When you’ve lived somewhere for long enough, it’s hard to find excitement in hiking the same mountains again and again, or biking the same trails week after week. If you don’t have the time or money for a far-flung adventures, try some of these tricks for finding excitement in an area you think you already know:
Buy Old Maps
Old maps are great because they frequently show trails or roads that have been abandoned. This is a good way to gain new perspective on an area you thought you knew really well – just because the trail isn’t maintained any more doesn’t mean it didn’t go somewhere interesting.
Get a Gazetteer or Atlas
When I moved out to Wyoming, my friend gave me a thick gazetteer of the state. At first, I thought the detailed maps were his way of expressing concern over my driving skills. He later explained that I could use the maps to learn the state: every weekend, I should pick a different page and then drive to that part of the state to explore. This is a quick way to end up on trails or roads that you didn’t realize were there.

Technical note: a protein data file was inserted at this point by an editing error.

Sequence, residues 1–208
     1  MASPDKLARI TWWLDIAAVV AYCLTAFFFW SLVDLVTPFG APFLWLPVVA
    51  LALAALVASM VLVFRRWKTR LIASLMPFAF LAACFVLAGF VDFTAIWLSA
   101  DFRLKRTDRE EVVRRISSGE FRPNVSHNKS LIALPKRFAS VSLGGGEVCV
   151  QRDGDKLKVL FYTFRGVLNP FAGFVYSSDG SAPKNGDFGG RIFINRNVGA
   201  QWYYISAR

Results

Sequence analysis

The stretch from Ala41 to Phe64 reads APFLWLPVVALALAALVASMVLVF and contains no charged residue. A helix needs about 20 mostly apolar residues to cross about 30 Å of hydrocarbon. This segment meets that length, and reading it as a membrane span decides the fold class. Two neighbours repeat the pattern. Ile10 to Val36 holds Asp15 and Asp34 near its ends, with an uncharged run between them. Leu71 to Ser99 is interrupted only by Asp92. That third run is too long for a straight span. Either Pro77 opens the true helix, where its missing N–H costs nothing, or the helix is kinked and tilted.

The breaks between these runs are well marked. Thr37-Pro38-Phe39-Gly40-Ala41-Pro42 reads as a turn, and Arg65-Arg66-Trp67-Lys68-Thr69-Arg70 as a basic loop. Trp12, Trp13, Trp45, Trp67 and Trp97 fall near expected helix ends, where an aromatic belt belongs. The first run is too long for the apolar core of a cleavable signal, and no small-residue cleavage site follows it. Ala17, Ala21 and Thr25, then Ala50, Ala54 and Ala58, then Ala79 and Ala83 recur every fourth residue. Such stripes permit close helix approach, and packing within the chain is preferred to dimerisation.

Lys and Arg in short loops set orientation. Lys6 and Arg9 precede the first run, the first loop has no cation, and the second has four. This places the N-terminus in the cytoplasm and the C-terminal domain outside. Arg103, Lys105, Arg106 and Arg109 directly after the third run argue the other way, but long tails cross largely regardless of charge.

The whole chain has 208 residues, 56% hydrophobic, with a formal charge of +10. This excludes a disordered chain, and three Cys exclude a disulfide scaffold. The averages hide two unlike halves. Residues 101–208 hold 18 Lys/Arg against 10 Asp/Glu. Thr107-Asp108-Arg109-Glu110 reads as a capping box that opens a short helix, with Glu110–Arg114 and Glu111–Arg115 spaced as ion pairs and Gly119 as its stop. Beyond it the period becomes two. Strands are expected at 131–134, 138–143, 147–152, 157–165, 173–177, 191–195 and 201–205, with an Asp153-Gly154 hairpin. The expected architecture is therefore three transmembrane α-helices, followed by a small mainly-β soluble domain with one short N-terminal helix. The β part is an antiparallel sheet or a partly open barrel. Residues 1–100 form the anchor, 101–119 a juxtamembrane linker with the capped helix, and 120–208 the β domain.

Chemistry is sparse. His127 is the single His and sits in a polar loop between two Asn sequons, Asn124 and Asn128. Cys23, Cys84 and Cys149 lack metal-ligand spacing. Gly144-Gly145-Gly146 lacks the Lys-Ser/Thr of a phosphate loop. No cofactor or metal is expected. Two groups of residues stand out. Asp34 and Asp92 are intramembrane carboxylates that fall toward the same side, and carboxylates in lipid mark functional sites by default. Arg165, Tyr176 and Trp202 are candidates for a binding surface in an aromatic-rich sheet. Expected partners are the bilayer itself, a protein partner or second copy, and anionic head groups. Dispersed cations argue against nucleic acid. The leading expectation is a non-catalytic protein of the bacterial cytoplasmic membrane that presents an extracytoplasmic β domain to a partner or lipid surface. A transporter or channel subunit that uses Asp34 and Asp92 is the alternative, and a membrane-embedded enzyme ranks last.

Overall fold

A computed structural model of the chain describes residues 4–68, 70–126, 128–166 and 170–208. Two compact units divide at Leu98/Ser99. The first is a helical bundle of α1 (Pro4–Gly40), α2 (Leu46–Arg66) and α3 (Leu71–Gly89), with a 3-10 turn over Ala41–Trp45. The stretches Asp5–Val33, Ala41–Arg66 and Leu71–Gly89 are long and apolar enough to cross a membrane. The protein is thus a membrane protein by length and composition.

I once met a man who canoed under a mall simply because he wondered where the stream went when it dipped out of sight. Because canoes and kayaks will float in only a few inches of water, they are a great way to explore. And unless you live in the desert, there are probably more waterways in your area than you realize. So find a stream and see where it goes!
Try a New Sport
Even though I grew up on a island, most of my adventures were on land. Until I tried kayaking. Now when I go home and paddle the coastline I get a new perspective on a place I thought I knew like the back of my hand. If you’re primarily an uphill person (climber or hiker), try your hand at a downhill sport (biking or skiing). Mastering a new skill not only opens up the options for where you can adventure, it also gives you a new challenge (and new gear).